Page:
Grenada Heritage: Our Plantations – part 2


The village of Baillie’s Bacolet, Saint David’s in the south-east of Grenada, more commonly referred to as simply Bacolet is named after the plantation that once stood in the area. We also mention plantations of Hermitage Estate in Saint Patrick’s north of the island, and Mount St. Bernard Estate in Saint Andrew’s east of the island, and Chemin Estate in Saint George’s south of the island.

 

Some of the family connections to this plantation are outlined here.

James Baillie born about 1737 was the second son of Hugh Baillie of Dochfour, Inverness, and brother of Evan Baillie (1742-1835). He married in Grenada on 26 April 1772 1, Colina, daughter and co-heir of Colin Campbell of Glenure (Argyll, Scotland), factor of the forfeited Stewart estates in Argyll and victim of the famous Appin murder in 1752. This meant that Colin[a] Campbell Baillie was the first cousin of James Evan Baillie and Hugh Duncan Baillie.

James and Colin[a] had three sons and three daughters. Between 1755 and 1771 the family lived in the West Indies, mainly at Grenada and St. Kitt.  Then in 1765 he and his elder brother Alexander became joint-owners when they purchased a 400-acre plantation in Grenada in 1765 and known as The Hermitage and the plantation Mount St. Bernard.

During his time in the Caribbean, he had visited every island except Jamaica, and had also acted as attorney for other plantation owners. Shortly before the outbreak of the American war, Baillie and two partners bought, as a speculation, the 4,400 acres in St. Vincent granted to General Richard Monckton in 1773. After the war the property was sold in lots.

In February of 1790, when he gave evidence before the committee of inquiry into the petitions of opponents of abolition of the slave trade, James stated that he complained to the committee that when abolition was bruited in 1788, potential buyers of his St. Vincent lots were frightened off, and that there remained unsold about 1,400 acres, which would become worthless if abolition was carried. 2  He was sole owner of the Northbrook plantation in Demerara, and later in 1790, he bought from the Bank of England two Grenada estates, Barolet and Chemin, for £100,000, paying a deposit of £45,000, with the balance to be paid at 4 per cent interest, in seven annual instalments. He subsequently conveyed the Chemin plantation to one Samuel Mitchell of Grenada. 3

At the general election of that same year James was to have come in for Horsham (West-Sussex, England) as a paying guest of Lady Irwin, but he and her son-in-law were beaten at the polls by nominees of the Duke of Norfolk. They were seated on petition in March 1792, by which time Baillie had been appointed agent for Grenada. This was when the politician William Wilberforce (1759–1833) sat down after moving abolition of the slave trade, 2 April 1792, James, speaking ‘in a low voice’ from the government side of the House, called for the petition of the West India planters and merchants to be read and then proceeded to argue at length, largely on commercial grounds, against the ‘wild, impracticable, and visionary scheme’ of abolition. James maintained that the negroes were generally well treated and that there was ‘more wretchedness and poverty in the parish of St. Giles’ than in the whole of the British colonies. 4  He subsequently had the speech published. In the renewed debate on the slave trade, 1 May, he claimed to have received information that several hundred fresh slaves had recently been sold in Jamaica, and when supporting the sugar bill, 22 May 1792, he contended that the planters ‘merited the peculiar protection’ of Parliament. No further trace of parliamentary activity has been found.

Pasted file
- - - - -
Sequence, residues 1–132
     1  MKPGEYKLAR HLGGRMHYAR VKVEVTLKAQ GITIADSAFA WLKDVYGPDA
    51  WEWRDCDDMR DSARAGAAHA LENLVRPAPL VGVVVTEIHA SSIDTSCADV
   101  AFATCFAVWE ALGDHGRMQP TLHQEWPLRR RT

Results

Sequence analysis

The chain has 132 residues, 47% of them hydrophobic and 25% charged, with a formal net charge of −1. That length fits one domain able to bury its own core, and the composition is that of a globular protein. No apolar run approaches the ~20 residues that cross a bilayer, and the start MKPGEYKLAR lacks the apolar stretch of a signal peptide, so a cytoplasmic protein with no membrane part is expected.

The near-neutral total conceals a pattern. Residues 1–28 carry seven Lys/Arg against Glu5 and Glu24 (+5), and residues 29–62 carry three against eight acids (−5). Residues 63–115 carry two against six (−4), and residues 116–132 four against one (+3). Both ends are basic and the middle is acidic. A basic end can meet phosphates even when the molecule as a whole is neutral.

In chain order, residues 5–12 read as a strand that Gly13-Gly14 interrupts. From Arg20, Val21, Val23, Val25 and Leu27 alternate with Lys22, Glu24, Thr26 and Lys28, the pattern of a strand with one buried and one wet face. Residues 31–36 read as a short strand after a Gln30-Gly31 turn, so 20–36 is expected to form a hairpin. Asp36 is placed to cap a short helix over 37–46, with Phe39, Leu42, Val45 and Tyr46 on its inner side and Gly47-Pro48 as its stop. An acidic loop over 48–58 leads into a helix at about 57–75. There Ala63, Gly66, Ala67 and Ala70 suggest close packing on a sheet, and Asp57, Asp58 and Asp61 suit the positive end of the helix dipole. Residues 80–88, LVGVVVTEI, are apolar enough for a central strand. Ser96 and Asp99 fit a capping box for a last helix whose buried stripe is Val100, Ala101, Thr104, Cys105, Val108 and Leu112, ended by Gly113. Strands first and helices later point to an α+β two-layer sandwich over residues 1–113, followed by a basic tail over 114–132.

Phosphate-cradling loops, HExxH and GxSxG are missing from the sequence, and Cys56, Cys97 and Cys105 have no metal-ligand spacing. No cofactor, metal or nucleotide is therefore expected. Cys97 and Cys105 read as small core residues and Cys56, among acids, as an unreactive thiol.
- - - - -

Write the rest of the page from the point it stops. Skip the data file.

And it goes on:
In his will, dated 12 August 1793, James Baillie left the Barolet estate in trust for his eldest son and his property at Ealing (West London, England), bought from the Duke of Argyll, to his wife, along with £1,000. He directed his executors to sell his other plantations and to apply the proceeds to payment of the balance owing for Barolet (about £40,000) and to provision of annuities totalling £3,000 for his wife, cash bequests of £10,000 for each of his five youngest children and other legacies in excess of £2,000. He died 7 September 1793.

 

Colin Campbell Lloyd, née Baillie (1781-1830) – the daughter of Miss Colin[a] Campbell and James Baillie.

 

Whist a baby, her father James commissioned a family portrait by the painter Thomas Gainsburgh in 1784, it includes her parents with their four eldest children and Colin is the fourth, shown as the baby on her mother’s knee. The painting was later bequeathed by a relation, Alexander Baillie, in 1868 to the Tate Art Gallery (London, England).

 

Collin [sic] Campbell Baillie married Edward Lloyd at St Marylebone in London (England) on the 8th August 1816.

Unfortunately before she reached the age of 50, Mrs Colin Campbell Lloyd, apparently became the victim of the quack doctor John St John Long of Harley Street: